The title of this post takes a simple statement—abortion is not complicated—and says it in a complicated and confusing way. Why? Because the issue of abortion is both simple and complex; it is clear and complicated—as evidenced by an abortion-advocating feature that appeared in Salon magazine last week. It is titled, “The abortion I didn’t want.”
Author, Caitlin McDonnell, writes in the subtitle, “After [my abortion], I felt grief, emptiness -- and relief. Why don't we tell stories that are emotionally complicated, too?” She’s right about one thing. It is the emotion of unwanted pregnancy that makes abortion such a complicated and contested issue. The ethics of abortion are rather simple.
To me, the most interesting aspect of McDonnell’s piece is the description she provides of her principled refusal to tell the abortion clinic staff that she wanted an abortion. She firmly believed that she needed an abortion, but she could not bring herself to say she wanted it. She writes:
During my intake at the women’s clinic, I told them that I [couldn’t] say I wanted an abortion but that I thought they should do it anyway. Understandably, they didn’t know what to do with me… They left me alone and argued among themselves. I just kept repeating my outrageous statement. At one point they tried to send me home. “We think you should think more about it,” a clinician said. I was firm. I wasn’t leaving. But I couldn’t say I wanted it. Every alternative they offered made me shake my head no; I couldn’t say anything more affirmative than “you should do it.” I needed to end my pregnancy — and not think about being an arbiter of life and death, at least not that day. I asked them to hold me down because I was afraid my body might resist.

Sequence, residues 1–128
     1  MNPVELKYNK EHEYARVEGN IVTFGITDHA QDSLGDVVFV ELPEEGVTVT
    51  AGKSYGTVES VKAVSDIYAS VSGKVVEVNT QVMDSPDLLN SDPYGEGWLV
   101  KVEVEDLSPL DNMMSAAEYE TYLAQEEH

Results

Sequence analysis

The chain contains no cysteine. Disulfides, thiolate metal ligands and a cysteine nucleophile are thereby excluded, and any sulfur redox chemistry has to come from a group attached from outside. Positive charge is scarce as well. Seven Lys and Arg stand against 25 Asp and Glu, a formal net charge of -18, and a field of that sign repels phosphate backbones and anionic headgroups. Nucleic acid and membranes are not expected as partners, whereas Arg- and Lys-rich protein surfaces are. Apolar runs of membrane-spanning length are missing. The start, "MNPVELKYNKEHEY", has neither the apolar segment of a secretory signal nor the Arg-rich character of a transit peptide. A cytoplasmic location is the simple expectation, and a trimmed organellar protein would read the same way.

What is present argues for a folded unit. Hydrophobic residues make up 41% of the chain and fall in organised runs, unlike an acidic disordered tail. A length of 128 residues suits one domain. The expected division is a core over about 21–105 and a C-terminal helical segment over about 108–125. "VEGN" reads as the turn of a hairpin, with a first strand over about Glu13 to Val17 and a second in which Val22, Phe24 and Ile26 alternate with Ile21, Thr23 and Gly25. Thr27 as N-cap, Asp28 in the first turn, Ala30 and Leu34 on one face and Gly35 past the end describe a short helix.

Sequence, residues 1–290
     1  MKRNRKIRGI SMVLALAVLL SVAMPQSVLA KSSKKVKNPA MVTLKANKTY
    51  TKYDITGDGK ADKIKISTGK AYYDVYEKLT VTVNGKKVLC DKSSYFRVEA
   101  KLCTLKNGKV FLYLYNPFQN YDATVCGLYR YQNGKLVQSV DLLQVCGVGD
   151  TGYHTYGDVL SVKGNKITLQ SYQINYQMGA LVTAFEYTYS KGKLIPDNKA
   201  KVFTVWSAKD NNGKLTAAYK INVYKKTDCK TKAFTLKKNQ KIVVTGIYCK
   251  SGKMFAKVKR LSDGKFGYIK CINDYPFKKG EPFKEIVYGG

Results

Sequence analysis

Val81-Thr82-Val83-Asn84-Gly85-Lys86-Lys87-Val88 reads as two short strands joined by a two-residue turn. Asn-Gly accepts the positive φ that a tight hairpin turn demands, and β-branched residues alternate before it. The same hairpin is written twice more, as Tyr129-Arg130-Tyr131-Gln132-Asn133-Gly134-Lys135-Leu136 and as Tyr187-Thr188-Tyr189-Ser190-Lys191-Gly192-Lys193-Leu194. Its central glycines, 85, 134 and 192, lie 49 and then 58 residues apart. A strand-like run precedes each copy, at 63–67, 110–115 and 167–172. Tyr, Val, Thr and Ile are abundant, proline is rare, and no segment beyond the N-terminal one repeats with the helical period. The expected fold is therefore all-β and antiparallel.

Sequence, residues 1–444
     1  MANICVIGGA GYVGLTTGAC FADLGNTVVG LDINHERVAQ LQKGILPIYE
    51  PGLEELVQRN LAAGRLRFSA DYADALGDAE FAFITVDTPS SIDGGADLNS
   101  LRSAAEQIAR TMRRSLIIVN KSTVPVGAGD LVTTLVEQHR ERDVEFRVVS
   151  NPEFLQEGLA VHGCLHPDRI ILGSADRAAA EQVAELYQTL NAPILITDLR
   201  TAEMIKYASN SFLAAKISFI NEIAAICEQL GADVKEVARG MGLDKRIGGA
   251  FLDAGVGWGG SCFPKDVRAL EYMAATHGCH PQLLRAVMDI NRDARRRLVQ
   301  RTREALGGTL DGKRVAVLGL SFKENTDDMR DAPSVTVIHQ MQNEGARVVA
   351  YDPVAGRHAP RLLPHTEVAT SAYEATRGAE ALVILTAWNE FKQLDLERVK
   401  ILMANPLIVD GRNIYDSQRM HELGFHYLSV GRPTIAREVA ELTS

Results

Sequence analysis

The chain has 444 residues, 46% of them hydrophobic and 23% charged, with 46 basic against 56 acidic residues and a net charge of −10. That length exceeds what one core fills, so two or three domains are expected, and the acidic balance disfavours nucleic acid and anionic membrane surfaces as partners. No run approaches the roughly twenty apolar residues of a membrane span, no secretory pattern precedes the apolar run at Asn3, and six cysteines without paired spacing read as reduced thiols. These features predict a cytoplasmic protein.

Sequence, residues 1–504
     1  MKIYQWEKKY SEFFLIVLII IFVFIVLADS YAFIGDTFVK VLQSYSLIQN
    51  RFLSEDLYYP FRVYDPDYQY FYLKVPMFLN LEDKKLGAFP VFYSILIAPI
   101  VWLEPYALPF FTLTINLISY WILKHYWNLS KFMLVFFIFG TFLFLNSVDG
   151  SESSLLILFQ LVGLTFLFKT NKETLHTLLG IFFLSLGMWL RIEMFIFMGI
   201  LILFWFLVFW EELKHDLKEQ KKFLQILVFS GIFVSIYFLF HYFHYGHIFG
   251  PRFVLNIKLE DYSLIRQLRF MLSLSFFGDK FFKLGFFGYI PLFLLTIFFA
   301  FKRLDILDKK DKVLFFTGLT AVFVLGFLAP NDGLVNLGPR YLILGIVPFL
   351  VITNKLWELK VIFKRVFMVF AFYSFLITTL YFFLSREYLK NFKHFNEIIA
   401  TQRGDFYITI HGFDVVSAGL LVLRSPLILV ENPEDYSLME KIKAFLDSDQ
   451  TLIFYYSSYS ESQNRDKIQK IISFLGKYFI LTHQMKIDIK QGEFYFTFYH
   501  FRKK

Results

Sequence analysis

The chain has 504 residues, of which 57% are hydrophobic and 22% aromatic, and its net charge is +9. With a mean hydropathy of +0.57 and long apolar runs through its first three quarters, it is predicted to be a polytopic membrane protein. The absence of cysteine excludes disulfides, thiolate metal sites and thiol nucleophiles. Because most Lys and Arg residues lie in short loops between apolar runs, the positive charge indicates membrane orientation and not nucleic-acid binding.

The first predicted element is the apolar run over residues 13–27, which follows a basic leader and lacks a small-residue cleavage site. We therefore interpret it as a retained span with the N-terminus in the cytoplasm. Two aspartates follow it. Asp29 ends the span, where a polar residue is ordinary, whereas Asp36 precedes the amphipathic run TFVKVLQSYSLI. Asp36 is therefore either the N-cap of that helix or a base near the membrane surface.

Her body did resist, she tells us, but the restraining hands held her down until the abortion was over. “What they did for me that day,” McDonnell assures us, “was heroic and kind.” I am less convinced. She continues her narrative by describing her post-abortion condition:
A cold wind of grief blows through me. My body feels empty, like a dried rind. [My boyfriend] drives me home in silence. I lie on the bed and pull thick blankets over me, trying to turn off the resounding emotional pain. He leaves the house and goes on a walk. I take a pill to help me numb. It will be years before I begin to process this day.
McDonnell then reveals that the father of her child—the man she “barely knew” but had moved across the country to live with—had forced her hand. By his own admission, his refusal to support McDonnell and their child was “the worst thing [he was] going to do in [his] whole life.” But he did it anyway. McDonnell tried for weeks and months to persuade him—naming their child “Malachai” along the way, but Malachai’s father was unmoved. No baby was going to ruin his personal aspirations, and so he graciously demanded that abortion free him from his unwanted predicament.